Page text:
If one seemingly hopeless team can turn things around (aside from the short on games played Panthers), it might be the Devils. For them, a 4-5-1 run in 10 games is actually pretty solid. Small victories, right?

Lightning strikes: Bolts even series with Islanders

Leave a comment

Tyler Johnson began the playoffs as a game-time decision for the Tampa Bay Lightning in their series with the Detroit Red Wings. He’s now among the top point producers this post-season.

Needing a win to even the series before it shifts north to Brooklyn, the Lightning earned a 4-1 win over the New York Islanders on Saturday afternoon. Series tied, 1-1. As for Johnson, the diminutive but skilled forward, he led the Bolts with a three-point night and is up to 10 points in the playoffs.

He opened the scoring versus the Islanders and finished it with an empty-netter to negate any late comeback attempt.

Still without Steven Stamkos, the Lightning got another strong game from Jonathan Drouin, who entered this series without a goal. But he changed that, giving the host team a two-goal lead in the opening period of Game 2. That goal would be the eventual winner.

Corey Perry: ‘I take a lot of blame for what happened’ after Ducks bounced in first round

GLENDALE, AZ - APRIL 11:  Ryan Getzlaf #15 and Corey Perry #10 of the Anaheim Ducks watch from the bench during the first period of the NHL game against the Arizona Coyotes at Gila River Arena on April 11, 2015 in Glendale, Arizona.  (Photo by Christian Petersen/Getty Images)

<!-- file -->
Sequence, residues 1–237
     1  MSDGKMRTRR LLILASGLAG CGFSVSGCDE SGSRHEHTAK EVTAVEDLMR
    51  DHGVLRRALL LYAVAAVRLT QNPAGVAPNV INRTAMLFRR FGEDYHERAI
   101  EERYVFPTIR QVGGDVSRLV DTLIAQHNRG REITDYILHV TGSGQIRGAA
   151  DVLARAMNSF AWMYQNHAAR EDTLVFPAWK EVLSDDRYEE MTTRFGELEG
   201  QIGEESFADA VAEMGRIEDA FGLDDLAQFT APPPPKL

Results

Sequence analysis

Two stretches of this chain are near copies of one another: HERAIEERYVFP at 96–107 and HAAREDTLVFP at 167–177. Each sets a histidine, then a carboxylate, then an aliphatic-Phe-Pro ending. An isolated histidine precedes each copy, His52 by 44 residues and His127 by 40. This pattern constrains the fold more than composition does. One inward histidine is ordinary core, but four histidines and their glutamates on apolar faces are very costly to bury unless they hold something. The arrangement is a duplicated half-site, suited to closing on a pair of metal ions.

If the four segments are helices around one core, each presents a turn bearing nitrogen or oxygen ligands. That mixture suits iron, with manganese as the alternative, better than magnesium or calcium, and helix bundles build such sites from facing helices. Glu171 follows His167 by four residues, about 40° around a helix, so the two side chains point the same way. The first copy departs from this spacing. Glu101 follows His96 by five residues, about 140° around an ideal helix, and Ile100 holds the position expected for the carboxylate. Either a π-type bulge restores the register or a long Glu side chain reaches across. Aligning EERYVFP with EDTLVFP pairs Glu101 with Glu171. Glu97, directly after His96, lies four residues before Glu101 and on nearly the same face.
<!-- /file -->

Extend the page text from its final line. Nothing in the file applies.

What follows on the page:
Getty Images
Leave a comment

After a first-round playoff loss that resulted in the firing of coach Bruce Boudreau, players were forced to answer for such a disappointing end to the Anaheim Ducks’ season.

The Ducks were last in the West at the holiday break but went flying up the standings in the second half of the season, claiming the Pacific Division. But they couldn’t close out the Nashville Predators in the opening round, despite a 3-2 series lead, and Boudreau was sent packing.

Ducks GM Bob Murray then let the players have it, blasting the core group and their performance, especially in the first two games of the series, and strongly suggesting there would be some big changes in Anaheim leading up to next season.

“I take a lot of blame for what happened,” said Corey Perry, as per the Ducks’ website. “I didn’t score a goal. I take a lot of responsibility. I put a lot of pressure on myself to perform.”

In seven games, the 30-year-old Perry, who just concluded the third year of an eight-year contract with a cap hit of $8.625 million, had four assists. But, as he said, no goals.

On Boudreau’s dismissal, Perry added: “He did a lot for my game. It’s tough when you know the reason somebody got fired is because we as a team and as individuals didn’t perform to where we needed to perform, and that’s the hardest thing. You lose four Game 7s at home, and he has nothing really do with what we did on the ice. We’re performing, we’re playing and we have to hold ourselves accountable. And I think a lot of guys are doing that.”